DOWELL v. BOARD OF SCHOOL TRUSTEES OF MADISON CONSOLIDATED SCHOOLS, No. 1:2015cv00814 - Document 38 (S.D. Ind. 2017)

Court Description: ORDER granting in part and denying in part Defendant's 27 Motion for Summary Judgment. Defendant's Motion for Summary Judgment for Failure to Exhaust Administrative Remedies Dkt. 27 is DENIED with respect to Plaintiff's federal constitutional claim in Count I of his complaint and is GRANTED with respect to Plaintiff's state constitutional claim in Count I and to all claims pled in Counts II and III. The only claim remaining in this case is Plaintiff's federal claim that Defendant violated his rights under Article I, § 10 of the United States Constitution. Signed by Judge William T. Lawrence on 8/29/2017. (JDC)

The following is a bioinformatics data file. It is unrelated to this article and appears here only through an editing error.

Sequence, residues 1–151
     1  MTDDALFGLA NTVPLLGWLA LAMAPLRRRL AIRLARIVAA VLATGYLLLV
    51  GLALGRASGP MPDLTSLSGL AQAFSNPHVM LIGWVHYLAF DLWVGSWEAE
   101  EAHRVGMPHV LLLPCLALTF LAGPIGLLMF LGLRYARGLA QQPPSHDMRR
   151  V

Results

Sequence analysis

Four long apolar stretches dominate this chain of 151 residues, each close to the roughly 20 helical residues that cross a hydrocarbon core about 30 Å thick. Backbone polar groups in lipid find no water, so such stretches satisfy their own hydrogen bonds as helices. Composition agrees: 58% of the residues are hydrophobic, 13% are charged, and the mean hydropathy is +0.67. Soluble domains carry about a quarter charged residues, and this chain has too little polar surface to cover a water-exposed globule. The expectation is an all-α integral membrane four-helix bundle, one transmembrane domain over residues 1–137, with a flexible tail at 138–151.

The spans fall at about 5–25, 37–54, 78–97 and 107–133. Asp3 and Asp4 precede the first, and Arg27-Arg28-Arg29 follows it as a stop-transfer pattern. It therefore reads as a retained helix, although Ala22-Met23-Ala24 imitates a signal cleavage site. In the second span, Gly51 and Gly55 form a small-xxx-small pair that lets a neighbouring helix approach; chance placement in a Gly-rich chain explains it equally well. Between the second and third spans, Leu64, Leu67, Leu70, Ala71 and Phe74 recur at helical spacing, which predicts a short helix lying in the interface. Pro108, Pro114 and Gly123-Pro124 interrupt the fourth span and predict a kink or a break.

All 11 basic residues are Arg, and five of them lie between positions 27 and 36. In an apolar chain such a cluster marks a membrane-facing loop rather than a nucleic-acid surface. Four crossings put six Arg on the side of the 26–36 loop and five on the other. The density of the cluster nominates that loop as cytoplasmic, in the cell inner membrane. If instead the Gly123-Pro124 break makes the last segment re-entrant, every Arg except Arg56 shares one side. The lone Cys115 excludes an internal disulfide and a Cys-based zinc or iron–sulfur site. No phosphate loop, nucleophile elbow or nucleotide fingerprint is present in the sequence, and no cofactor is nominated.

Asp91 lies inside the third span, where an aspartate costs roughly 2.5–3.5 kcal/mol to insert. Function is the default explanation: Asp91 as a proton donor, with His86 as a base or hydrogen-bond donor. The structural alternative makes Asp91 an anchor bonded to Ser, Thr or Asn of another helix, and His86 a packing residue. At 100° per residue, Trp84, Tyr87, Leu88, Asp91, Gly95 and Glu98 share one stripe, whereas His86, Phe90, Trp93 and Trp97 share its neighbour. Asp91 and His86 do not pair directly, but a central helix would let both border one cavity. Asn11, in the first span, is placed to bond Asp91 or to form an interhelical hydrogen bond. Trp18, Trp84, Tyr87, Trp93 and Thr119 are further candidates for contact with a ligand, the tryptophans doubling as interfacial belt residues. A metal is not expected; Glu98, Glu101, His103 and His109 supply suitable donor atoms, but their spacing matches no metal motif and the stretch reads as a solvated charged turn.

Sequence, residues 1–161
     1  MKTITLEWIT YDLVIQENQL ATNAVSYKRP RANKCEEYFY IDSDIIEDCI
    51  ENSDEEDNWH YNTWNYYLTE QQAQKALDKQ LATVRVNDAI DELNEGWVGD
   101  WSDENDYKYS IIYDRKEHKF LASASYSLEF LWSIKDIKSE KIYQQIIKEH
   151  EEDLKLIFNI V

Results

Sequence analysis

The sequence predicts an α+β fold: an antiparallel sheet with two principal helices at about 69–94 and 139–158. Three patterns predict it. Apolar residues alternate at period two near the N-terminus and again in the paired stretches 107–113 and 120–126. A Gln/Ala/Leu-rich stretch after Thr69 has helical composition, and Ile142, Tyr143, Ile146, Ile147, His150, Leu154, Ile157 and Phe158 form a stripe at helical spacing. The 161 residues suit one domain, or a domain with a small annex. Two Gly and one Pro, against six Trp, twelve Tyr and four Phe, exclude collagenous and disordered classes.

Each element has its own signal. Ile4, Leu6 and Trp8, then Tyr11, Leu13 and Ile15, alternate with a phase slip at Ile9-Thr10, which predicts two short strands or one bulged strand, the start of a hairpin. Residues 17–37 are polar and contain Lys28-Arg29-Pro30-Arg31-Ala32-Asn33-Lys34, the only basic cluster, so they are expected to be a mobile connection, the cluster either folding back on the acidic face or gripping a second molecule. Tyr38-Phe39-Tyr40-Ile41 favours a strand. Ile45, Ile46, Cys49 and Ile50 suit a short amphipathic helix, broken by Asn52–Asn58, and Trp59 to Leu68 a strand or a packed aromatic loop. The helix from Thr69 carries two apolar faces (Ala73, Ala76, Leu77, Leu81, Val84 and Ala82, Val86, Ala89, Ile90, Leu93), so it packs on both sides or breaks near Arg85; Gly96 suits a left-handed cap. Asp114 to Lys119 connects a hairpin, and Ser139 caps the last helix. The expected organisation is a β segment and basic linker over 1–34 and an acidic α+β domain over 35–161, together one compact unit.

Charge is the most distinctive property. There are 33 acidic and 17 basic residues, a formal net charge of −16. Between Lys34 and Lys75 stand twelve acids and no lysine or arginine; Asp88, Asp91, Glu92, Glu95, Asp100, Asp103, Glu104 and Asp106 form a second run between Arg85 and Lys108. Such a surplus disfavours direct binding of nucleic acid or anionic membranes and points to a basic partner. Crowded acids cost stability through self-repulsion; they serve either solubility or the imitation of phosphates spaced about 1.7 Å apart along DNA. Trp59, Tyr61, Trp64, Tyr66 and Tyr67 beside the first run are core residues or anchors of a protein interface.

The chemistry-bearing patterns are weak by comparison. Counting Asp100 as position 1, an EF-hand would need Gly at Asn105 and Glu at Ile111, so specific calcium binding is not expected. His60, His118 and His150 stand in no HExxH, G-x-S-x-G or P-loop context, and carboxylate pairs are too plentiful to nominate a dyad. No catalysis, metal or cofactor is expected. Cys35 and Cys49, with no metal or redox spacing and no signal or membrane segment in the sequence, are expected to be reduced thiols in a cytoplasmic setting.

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DOWELL v. BOARD OF SCHOOL TRUSTEES OF MADISON CONSOLIDATED SCHOOLS Doc. 38 UNITED STATES DISTRICT COURT SOUTHERN DISTRICT OF INDIANA INDIANAPOLIS DIVISION MICHAEL S. DOWELL, Plaintiff, vs. BOARD OF SCHOOL TRUSTEES OF MADISON CONSOLIDATED SCHOOLS, Defendant. ) ) ) ) ) Cause No. 1:15-cv-814-WTL-TAB ) ) ) ) ) ENTRY ON DEFENDANT’S MOTION FOR SUMMARY JUDGMENT This cause is before the Court on the Defendant’s Motion for Summary Judgment for Failure to Exhaust Administrative Remedies (Dkt. No. 27). The motion is fully briefed, and the Court, being duly advised, GRANTS IN PART AND DENIES IN PART the motion for the reasons and to the extent set forth below. I. APPLICABLE STANDARD Federal Rule of Civil Procedure 56(a) provides that summary judgment is appropriate “if the movant shows that there is no genuine dispute as to any material fact and the movant is entitled to judgment as a matter of law.” In ruling on a motion for summary judgment, the admissible evidence presented by the non-moving party must be believed, and all reasonable inferences must be drawn in the non-movant’s favor. Zerante v. DeLuca, 555 F.3d 582, 584 (7th Cir. 2009) (“We view the record in the light most favorable to the nonmoving party and draw all reasonable inferences in that party’s favor.”). The non-moving party bears the burden of specifically identifying the relevant evidence of record, and “the court is not required to scour the record in search of evidence to defeat a motion for summary judgment.” Ritchie v. Glidden Co., 242 F.3d 713, 723 (7th Cir. 2001). Dockets.Justia.com II. RELEVANT FACTS Plaintiff Michael S. Dowell was employed as a health and physical education teacher at the Madison Junior High School from the fall of 2003 through early June 2013. He also served as athletic director at the junior high school and, over time, performed various coaching roles at both the junior high and high schools. On May 24, 2013, Dowell received notice from his principal that, due to a “justifiable decrease in the number of teaching positions,” i.e., a reduction in force, the principal had made a preliminary decision not to renew his contract for the 2013-14 school year. On May 25, 2013, Dowell requested and, some days later, received a conference with the superintendent of Madison Consolidated Schools (“District”) to appeal the principal’s preliminary decision. On May 30, 2013, Dowell received the superintendent’s letter notifying him that he was upholding the principal’s preliminary decision. The letter also notified Dowell that he had the option to appeal the decision to the Board, but Dowell chose not to pursue that appeal. In July 2013, one of the other health and physical education teachers at the junior high school resigned and Dowell applied for the position after the principal notified him of the cancellation of his contract. He decided not to request a meeting with the Board “so that he would not be viewed in a bad light when he applied for the position.” The principal eventually notified Dowell that he was not hired for the open position. III. DISCUSSION Dowell pleads four legal claims regarding the cancellation of his contract. First, by “impairing with Mr. Dowell’s rights to an indefinite contract on the basis of his tenure” (Dkt. No. 1, ¶ 22), the cancellation violated Article I, § 10 of the United States Constitution (“No State shall . . . pass any Bill of Attainder, ex post facto Law, or Law impairing the Obligation of 2 Contracts . . . .”).1 Second, for the same reason, it violated Article 1, § 24 of the Indiana Constitution (“No ex post facto law impairing the obligation of contracts, shall ever be passed.”). Third, the cancellation violated the District’s reduction-in-force (“RIF”) policy.2 Fourth, the Defendant did not follow Ind. Code chapter 20-28-7.5 when cancelling his contract. At issue before the Court in the instant motion is whether Dowell has forfeited all of his claims because he failed to exhaust his administrative remedies before bringing suit.3 A. Federal claim—Count I Non-prisoner claimants generally are not required to exhaust state judicial or administrative remedies before pursuing federal civil-rights claims under 42 U.S.C. § 1983. Haywood v. Drown, 556 U.S. 729, 766 (2009); Patsy v. Board of Regents of the State of Florida, 457 U.S. 496 (1982); Horsley v. Trame, 808 F.3d 1126, 1129 (7th Cir. 2015). The Board cites Gluck v. WNIN Tri-State Public Media, Inc., 879 F.Supp.2d 999, 1004-05 (S.D. Ind. 2012), and the district court’s decision in Horsley 61 F.Supp.3d 788, 791 (S.D. Ill. 2014), aff’d, 808 F.3d 1126 (7th Cir. 2015), apparently as authority for its argument that Dowell was required to exhaust his federal constitutional claim. But Gluck ruled only that a claimant suing for violation of a federal regulation must first exhaust the prescribed federal regulatory process for obtaining administrative relief, and Horsley explicitly held that the plaintiff in that case was not required to exhaust her state administrative remedies before pursuing a federal Second Amendment claim. 1 Dowell’s summary of his claims in the Case Management Plan states: “By ignoring Plaintiff’s agreement with Defendant, Defendant disregarded Plaintiff’s right to contract, which is [a] fundamental right under the United States Constitution.” Dkt. No. 11, § II. B. 2 Dowell contends that he did not “meet the factors [in the District’s policy] for individuals to be RIFed.” Dkt. No. 11, § II. B. 3 The resolution of the merits of Dowell’s federal constitutional claim has been stayed this case pending the Court of Appeals’ decision in Elliott v. Board of School Trustees of Madison Consolidated Schools, No. 16-4168 (7th Cir.), an appeal of this Court’s ruling in Cause No. 1:13cv-319-WTL-DML, involving the same issue. 3 Therefore, Dowell was not required to exhaust state remedies before pursuing his federal claim that the Board’s cancellation of his contract violated his rights under Article I, § 10 of the U. S. Constitution. B. State claims—Counts I, II, and III Indiana generally requires exhaustion of administrative remedies before seeking judicial relief, even when a claimant pleads violations of the state’s constitution. We have repeatedly emphasized the value of completing administrative proceedings before resorting to judicial review. The reasons for this requirement are well established: (1) premature litigation may be avoided; (2) an adequate record for judicial review may be compiled; and (3) agencies retain the opportunity and autonomy to correct their own errors. Even if the ground of the complaint is the unconstitutionality of the statute, which may be beyond the agency’s power to resolve, exhaustion of administrative remedies may still be required because administrative action may resolve the case on other grounds without confronting broader legal issues. Ordinarily, an administrative agency must resolve factual issues before the trial court acquires subject matter jurisdiction. But exhaustion of administrative remedies is not required if a statute is void on its face, and it may not be appropriate if an agency’s action is challenged as being ultra vires and void. More generally, if an action is brought upon the theory that the agency lacks the jurisdiction to act in a particular area, exhaustion of remedies is not required. To the extent the issue turns on statutory construction, whether an agency possesses jurisdiction over a matter is a question of law for the courts. Indiana Dept. of Environmental Management v. Twin Eagle, LLC, 798 N.E.2d 839, 844 (Ind. 2003) (citations omitted). It is hornbook administrative law that potential plaintiffs must first exhaust their administrative remedies before seeking judicial relief. However, there are three recognized exceptions to this rule: direct resort to the courts is justified where (1) compliance with the rule would be futile, (2) the statute is charged to be void on its face, or (3) irreparable injury would result. LHT Capital, LLC v. Indiana Horse Racing Commission, 895 N.E.2d 124, 127 (Ind. Ct. App. 2008) (citations omitted); see also John C. & Maureen G. Osborne Revocable Family Trust v. Town of Long Beach, 78 N.E.3d 680, (Ind. Ct. App. 2017) (“Under Indiana law, ‘[i]t is well4 established that, if an administrative remedy is available, it must be pursued before a claimant is allowed access to the courts,’ as ‘failure to exhaust administrative remedies deprives the trial court of subject matter jurisdiction.’”). Dowell was required to exhaust available administrative remedies before seeking judicial relief for his state-law claims.4 In Indiana, cancellation of teachers’ contracts is governed by Ind. Code chapter 20-287.5. The version that was in effect during the cancellation of Dowell’s contract—late May 2013 through early June 2013—reads, in relevant part, as follows: Chapter 7.5. Cancellation of Teacher Contracts Sec. 1. (a) This chapter applies to a teacher in a school corporation (as defined in IC 20–18–2–16(a)). * * * (c) Except as provided in subsection (e), a principal may not decline to continue a professional or established teacher’s contract unless the teacher is subject to a justifiable decrease in the number of teaching positions. (d) After June 30, 2012, the cancellation of teacher’s [sic] contracts due to a justifiable decrease in the number of teaching positions shall be determined on the basis of performance rather than seniority. In cases where teachers are placed in the same performance category, any of the items in IC 20-28-9-1.5(b) may be considered. (e) A contract with a teacher may be canceled immediately in the manner set forth in sections 2 through 4 of this chapter for any of the following reasons: (1) Immorality. (2) Insubordination, which means a willful refusal to obey the state school laws or reasonable rules adopted for the governance of the school building or the school corporation. (3) Justifiable decrease in the number of teaching positions. 4 Exhaustion is required of state claims which a federal court hears under its supplemental jurisdiction. See Frey v. Environmental Protection Agency, 270 F.3d 1129, 1136 (7th Cir. 2001). 5 (4) Incompetence, including receiving: (A) an ineffective designation on two (2) consecutive performance evaluations under IC 20–28–11.5; or (B) an ineffective designation or improvement necessary rating in three (3) years of any five (5) year period. (5) Neglect of duty. (6) A conviction for an offense listed in IC 20–28–5–8(c). (7) Other good or just cause. Sec. 2. (a) Before a teacher is refused continuation of the teacher’s contract, the teacher has the following rights: (1) The principal shall notify the teacher of the principal’s preliminary decision. The notification must be: (A) in writing; and (B) delivered in person or mailed by registered or certified mail to the teacher at the teacher’s last known address. (2) The notice in subdivision (1) must include a written statement, subject to IC 5–14–3–4, giving the reasons for the preliminary decision. (3) Notification due to a reduction in force must be delivered between May 1 and July 1. (b) For a cancellation of a teacher’s contract for a reason other than a reduction in force, the notice required under subsection (a)(1) must inform the teacher that, not later than five (5) days after the teacher’s receipt of the notice, the teacher may request a private conference with the superintendent. The superintendent must set the requested meeting not later than ten (10) days after the request. (c) At the conference between the superintendent and the teacher, the teacher may be accompanied by a representative. (d) After the conference between the superintendent and the teacher, the superintendent shall make a written recommendation to the governing body of the school corporation regarding the cancellation of the teacher’s contract. (e) If the teacher does not request a conference under subsection (b), the principal’s preliminary decision is considered final. (f) For items listed in section (1)(e)(3) [justifiable decrease in the number of teaching positions], (1)(e)(4), or (1)(e)(6) of this chapter, if the teacher files a request with the governing body for an additional private conference not later than five (5) days after the initial private conference with the superintendent, the 6 teacher is entitled to an additional private conference with the governing body before the governing body makes a final decision, which must be in writing, concerning the cancellation of the teacher’s contract. (g) For items listed in section (1)(e)(1), (1)(e)(2), (1)(e)(5), or (1)(e)(7) of this chapter, if, not later than five (5) days after the initial private conference with the superintendent, the teacher files a request with the governing body for an additional private conference, the teacher is entitled to an additional private conference with the governing body before the governing body makes a final decision. The final decision must be in writing and must be made not more than thirty (30) days after the governing body receives the teacher's request for the additional private conference. At the private conference the governing body shall do the following: (1) Allow the teacher to present evidence to refute the reason or reasons for contract cancellation and supporting evidence provided by the school corporation. Any evidence presented at the private conference must have been exchanged by the parties at least seven (7) days before the private conference. (2) Consider whether a preponderance of the evidence supports the cancellation of the teacher’s contract. Sec. 3. At the first public meeting following a private conference with: (1) the governing body under section 2(f) of this chapter; or (2) the superintendent under section 2(b) of this chapter, if no conference with the governing body is requested; the governing body may cancel a contract with a teacher by a majority vote evidenced by a signed statement in the minutes of the board. The decision of the governing body is final. * * * Sec. 6. A contract entered into by a teacher and a school employer continues in force on the same terms and for the same wages, unless increased under IC 20-28-9-1.5, for the next school term following the date of the contract’s termination unless one (1) of the following occurs: (1) The school corporation refuses continuation of the contract under this chapter. (2) The teacher delivers in person or by registered or certified mail to the school corporation the teacher's written resignation. (3) The contract is replaced by another contract agreed to by the parties. 7 P.L. 90-2011, § 31 (effective July 1, 2011); P.L. 286-2013, §§ 87 and 88 (effective July 1, 2011 (retroactive)).5 Under this version of chapter 7.5, an Indiana teacher’s contract continued in force unless the school corporation refused to continue it under the chapter, Ind. Code § 20-28-7.5-6(1), and any teaching contract could be cancelled because of a “justifiable decrease in the number of teaching positions,” i.e., a RIF, Ind. Code §§ 20-28-7.5-1(c) and (e)(3). In summary, the procedure for cancelling Dowell’s contract had five steps: (1) the principal notified the teacher of her preliminary decision, (2) the teacher could request and receive a private conference with the superintendent, (3) after the conference, the superintendent made a recommendation to the Board, (4) the teacher could request and receive a private conference with the Board, and (5) the Board made a final decision. The Board argues that Dowell failed to exhaust his remedies and, thus, forfeited his state claims when he chose not to pursue his final avenue of relief by requesting a private conference with the Board. It is undisputed that Dowell did not request that private conference. Dowell argues several reasons why he did not fail to exhaust his remedies. First, he argues that he was not required to exhaust his claims because the text of Ind. Code § 20-28-7.5-2 does not require teachers to pursue exhaustion; rather, it only gives them the right, the option, to have private conferences with superintendents and governing bodies. He cites no authority for the proposition that a statutory or regulatory process must use mandatory language before exhaustion is required, possibly because the law is against it: “Even when neither statute nor 5 The 2013 amendments only corrected the statutory citations in §§ 1(d) and 6. The next amendments to chapter 7.5 became effective on July 1, 2015, P.L. 233-2015, §§ 208 and 209; P.L. 239-2015, § 4, after Dowell filed this suit on May 22, 2015 (Dkt. No. 1). The last amendment, P.L. 179-2016, § 9, became effective on July 1, 2016. All references to the statute in this entry are to the quoted version in effect in mid-2013. 8 agency rule specifically mandates exhaustion as a prerequisite to judicial review, the general rule is that a party is not entitled to judicial relief for an alleged or threatened injury until the prescribed administrative remedy has been exhausted.” Austin Lakes Joint Venture v. Avon Utilities, Inc., 644 N.E.2d 641, 644 (Ind. 1995). Second, Dowell argues that Ind. Code § 20-28-7.5-2(b) “specifically states that the request for the private conference does not apply ‘[f]or a cancellation of a teacher’s contract for . . . a reduction in force.’ The notification required for cancellation only applies to situations other than cancellations due to a reduction in force.” Dkt. No. 33 at 5. He is simply wrong. Section 2(b) does not contain any statement, direct or indirect, about the applicability of the right to private conferences to RIF cancellations. Instead, Dowell’s argument is based solely on inference from § 2(b)’s exclusion of RIF cancellations from the requirement that principals’ notices inform teachers of their right to request a private conference with the superintendent, but the inference is unreasonable. Regardless of the legislature’s reason for excluding RIFs from § 2(b)’s notice requirement, no language in the statute excludes RIFed teachers from pursuing private conferences with the superintendent or the Board. Indeed, § 2(f) specifically provides that a RIFed teacher may request an “additional private conference” with the governing body no later than five days after he has had an “initial private conference” with the superintendent. Ind. Code § 20-28-7.5-2(f) (applies to teachers facing cancellation proceedings under § 1(e)(3) (“justifiable decrease in the number of teaching positions”)). Moreover, § 2(f) and (g) allow teachers facing cancellations for any of the permitted reasons under § 1(e) to request an additional private conference with the governing body without a requirement of any notice. Dowell had a right under chapter 7.5 to request a private conference with the Board before a final decision on the cancellation of his contract. 9 Third, Dowell argues that the District’s “Reduction in Force (RIF) Policy” (a copy of which he submitted with his response to the Board’s motion (Dkt. No. 33-3)) does not require exhaustion and that the Policy governs, “even though it conflicts with IC 20-28-7.5-1(d).” Dkt. No. 33 at 6. He asserts that the District’s policy “superseded IC 20-28-7.5-1(d) because the policy was bargained for contractually” and “[t]he legislature does not have the right to interfere with the parties’ right to contract.” Dkt. No. 33 at 6-7. He attached a copy of his contract to his response. Dkt. No. 33-1. Dowell only asserts that a school corporation’s RIF policy supersedes Ind. Code chap. 20-28-7.5 when the policy was, in some manner, bargained for. He cites no authority for this far-reaching proposition. Absent explicit and clear authority to the contrary, the Court will presume that state statutes prevail over school corporations’ policies and teachers’ contracts where they conflict or are inconsistent. See Ind. Code §§ 20-26-3-4 and 20-26-3-56; Fort Wayne Metropolitan Human Relations Commission v. Marathon Gas Station, 926 N.E.2d 1085, 1089 (Ind. Ct. App. 2010). 6 Ind. Code § 20-26-3-5 reads: (a) If there is a constitutional or statutory provision requiring a specific manner for exercising a power, a school corporation that exercises the power shall exercise the power in the specified manner as a minimum requirement. (b) If there is not a constitutional or statutory provision requiring a specific manner for exercising a power, a school corporation that exercises the power shall: (1) adopt a written policy prescribing a specific manner for exercising the power; or (2) comply with a statutory provision permitting a specific manner for exercising the power. (c) A written policy under subsection (b)(1) must be adopted by the governing body of the school corporation. 10 In addition, the District’s RIF policy and Dowell’s 2012-13 teaching contract confirm the supremacy of the statute. At its start, the policy provides that, “[w]hen a reduction in force is determined to be needed under this policy, the provisions of I.C. 20-28-7.5 will be followed regardless of past practice,” (Dkt. No. 33-3 at 1 (preamble)), and Dowell’s contract states that “[t]his contract may be cancelled during its term for any of the grounds set forth in Ind. Code 2028-7.5-1(e) pursuant to the procedures set forth in Ind. Code 20-28-6-2(d) and Ind. Code 5-143,” (Dkt. No. 33-1, ¶ 6). There is no other term of Dowell’s contract that addresses contract cancellation or the District’s RIF policy. While Dowell is correct that, with regard to the teacher appeals process, the District’s RIF policy appears to contradict Ind. Code § 20-28-7.5-2 in one respect—namely, it provides that, following a teacher’s conference with the superintendent, the superintendent’s “initial determination will be presented to the Board of Trustees for final action” (Dkt. No. 33-3, ¶ (A)4), thus skipping § 2(f)’s required opportunity for a private conference with the Board—in instances of conflict, the statutory terms prevail, absent contrary authority not cited by Dowell.7 Fourth, citing Ind. Code § 20-28-7.5-2(b) and the District’s RIF Policy, Dowell argues that he “had no notice that he was required to meet with the Board of Trustees or that he was required to exhaust remedies. To hold him to this standard, without notice, would be unfair.” Dkt. No. 33 at 8. He also contends that §2(b)’s exemption of RIF cancellations from its notice requirement “equitably estops the school from arguing that teachers are required to exhaust rights they don’t even know they have.” Dkt. No. 33 at 9. Because Dowell does not cite any 7 The policy’s appeal process differs from § 2 in other respects that are not contradictory, e.g., the policy provides that RIFed teachers shall be notified of their right to request a conference with the superintendent and that the superintendent may request the attendance of the principal who made the preliminary decision. Dkt. No. 33-3, ¶ (A)4. These provisions only add to, they do not conflict with, the statutory procedures. 11 supporting authority or otherwise develop a legal due process or equitable estoppel argument, the arguments are forfeited. Alternatively, his argument is meritless. As already noted, Indiana law requires exhaustion of administrative remedies, gives Dowell the right to a private conference with the Board, and mandates that the statute prevails over contrary ordinances, rules, policies, or practices. In addition, the District’s RIF Policy specifically provides that the statute governs RIF-based contract cancellations. Finally, in this case, the superintendent’s letter to Dowell upholding the principal’s preliminary decision specifically notified him that he was entitled to a private conference with the Board. Dkt. No. 33-5. Therefore, Dowell had sufficient notice of his right to request a private conference with the Board; he, at least, had sufficient information to ascertain his appeal rights. Fifth, Dowell argues that he was not required to exhaust his remedies because pursuing a conference with the Board would have been futile for two reasons: first, the Board could offer no administrative remedy for his constitutional claims and, second, the Board takes its direction from the superintendent and the principal and both were hostile toward him. As mentioned above, Indiana law requires exhaustion even when the issues are constitutional because it allows an administrative agency the opportunity to correct its own mistakes, find facts, develop the record, and resolve the issues on non-constitutional grounds. Second, Dowell fails to explain why he believes that the Board “takes its direction” from the superintendent and he provides no supporting evidence. The only evidence that he cites to show that the superintendent and principal were hostile to him and that they would use their control of the Board to render a private conference with the Board futile is the principal’s failure to hire him, post-RIF, for the open physical education teaching position in the junior high school. As noted, Dowell alleges 12 that he did not receive a telephone call or an interview in response to his application, despite his favorable evaluations and awards. Dowell’s claim is grounded on no more than speculation and supposition. The facts on which he relies do not support a reasonable inference that pursuing a private conference with the Board would have been futile. Dowell did request and attend a private conference with the superintendent, accompanied by a representative, despite his current characterization of that exercise as futile. Even more important, however, is that he pled that “[b]ecause he knew there would be a job opening at the junior high school, in his department, he decided not to request a meeting with the Board so that he would not be viewed in a bad light when he applied for the position,” Dkt. No. 1, ¶ 14, which directly contradicts his current position. Dowell has failed to show that exhaustion of the administrative process with respect to his state claims was futile and he has pled himself out of that argument. IV. CONCLUSION Defendant’s Motion for Summary Judgment for Failure to Exhaust Administrative Remedies (Dkt. No. 27) is DENIED with respect to Plaintiff’s federal constitutional claim in Count I of his complaint and is GRANTED with respect to Plaintiff’s state constitutional claim in Count I and to all claims pled in Counts II and III. The only claim remaining in this case is Plaintiff’s federal claim that Defendant violated his rights under Article I, § 10 of the United States Constitution. SO ORDERED: 8/29/17 _______________________________ Hon. William T. Lawrence, Judge United States District Court Southern District of Indiana Copies to all counsel of record via electronic notification 13